As Senate elections near, the political temperature is rising by the day with all major political parties fiercely campaigning to ensure that their respective parliamentarians vote for the correct candidate. The PTI has gone one step further to practically eliminate the possibility of one party’s votes going to another by calling for the ballot to be open rather than secret as it has been for so many elections previously. While it cannot gather the numbers in the lower House to pass the necessary constitutional amendment, it has gone the oft-frequented presidential ordinance route and has also approached the Supreme Court for its seal of approval through a reference. Therefore, in the absence of any guarantees, the government is pulling out all the stops, engaging in activity that is detrimental to unity even within its own ranks. Apart from awarding tickets to undeserving candidates who are close to the Prime Minister, provincial governors, who by virtue of being representatives of the federation are supposed to play a bipartisan role, have engaged in behaviour not appropriate for the office they hold, which has angered party loyalists. PTI Sindh leaders have demanded that the province’s Governor Imran Ismail be removed as he has been pushing for his “blue-eyed” new entrants for Senate seats while ignoring those who have stuck by the party for much longer. Last week both PTI candidates from Islamabad, Dr Abdul Hafeez Sheikh and Fauzia Arshad, met with The Punjab Governor at his Lahore residence to get assurances that PTI and allied parties’ National Assembly members would vote for them.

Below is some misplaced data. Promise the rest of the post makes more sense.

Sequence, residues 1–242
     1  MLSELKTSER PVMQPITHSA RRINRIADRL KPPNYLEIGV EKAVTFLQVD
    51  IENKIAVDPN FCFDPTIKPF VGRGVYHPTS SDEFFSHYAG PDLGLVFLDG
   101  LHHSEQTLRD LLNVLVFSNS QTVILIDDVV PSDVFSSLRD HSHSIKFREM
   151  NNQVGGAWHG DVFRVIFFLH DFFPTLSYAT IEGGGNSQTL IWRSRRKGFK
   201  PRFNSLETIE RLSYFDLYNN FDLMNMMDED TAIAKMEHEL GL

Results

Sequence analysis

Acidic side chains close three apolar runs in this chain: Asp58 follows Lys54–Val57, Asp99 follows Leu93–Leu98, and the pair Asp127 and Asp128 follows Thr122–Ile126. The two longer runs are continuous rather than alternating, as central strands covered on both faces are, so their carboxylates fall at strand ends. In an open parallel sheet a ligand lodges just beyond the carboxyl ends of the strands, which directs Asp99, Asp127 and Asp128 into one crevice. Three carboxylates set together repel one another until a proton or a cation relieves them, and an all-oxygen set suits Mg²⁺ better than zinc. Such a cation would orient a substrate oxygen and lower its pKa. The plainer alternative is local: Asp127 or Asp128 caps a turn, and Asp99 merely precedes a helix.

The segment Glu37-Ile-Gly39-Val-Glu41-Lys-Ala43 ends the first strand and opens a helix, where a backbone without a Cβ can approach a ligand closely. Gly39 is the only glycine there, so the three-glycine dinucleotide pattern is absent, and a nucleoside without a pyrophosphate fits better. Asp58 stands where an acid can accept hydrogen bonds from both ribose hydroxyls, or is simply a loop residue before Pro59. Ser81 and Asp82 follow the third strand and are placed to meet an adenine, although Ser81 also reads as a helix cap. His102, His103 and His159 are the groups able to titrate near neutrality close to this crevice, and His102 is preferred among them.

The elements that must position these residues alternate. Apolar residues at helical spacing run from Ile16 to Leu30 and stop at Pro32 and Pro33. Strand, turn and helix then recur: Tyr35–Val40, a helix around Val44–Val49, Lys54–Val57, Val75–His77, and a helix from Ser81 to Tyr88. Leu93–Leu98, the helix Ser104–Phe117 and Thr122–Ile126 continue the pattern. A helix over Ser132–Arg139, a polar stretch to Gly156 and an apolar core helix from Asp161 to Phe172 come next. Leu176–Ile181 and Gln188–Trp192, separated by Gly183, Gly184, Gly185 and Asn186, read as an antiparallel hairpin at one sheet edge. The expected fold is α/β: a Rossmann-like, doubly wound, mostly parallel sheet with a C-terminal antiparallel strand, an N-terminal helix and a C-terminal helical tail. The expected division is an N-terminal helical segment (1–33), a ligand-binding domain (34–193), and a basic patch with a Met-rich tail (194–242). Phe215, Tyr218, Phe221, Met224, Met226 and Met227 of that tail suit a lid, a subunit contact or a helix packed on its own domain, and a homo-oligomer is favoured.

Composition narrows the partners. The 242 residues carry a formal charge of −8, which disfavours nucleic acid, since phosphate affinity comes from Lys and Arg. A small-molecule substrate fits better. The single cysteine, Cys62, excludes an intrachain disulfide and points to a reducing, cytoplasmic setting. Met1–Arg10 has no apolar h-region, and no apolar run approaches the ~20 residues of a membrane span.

It is understandable why the ruling party lacks confidence in its parliamentarians, to contest Senate elections in a conventional manner. Over the past two and a half years there have been several instances where its own and allied parties’ MNAs and MPAs have expressed their severe displeasure over promises being broken, development funds not released and a general indefensible underperformance and incompetence that has made it difficult for them to visit their constituencies without facing some backlash as a consequence. Prime Minister Imran Khan can market his pre-Senate election moves as an effort to make them ‘corruption free’ but it is obvious that it is aimed at getting a majority in the Upper House come what may, by hook or by crook.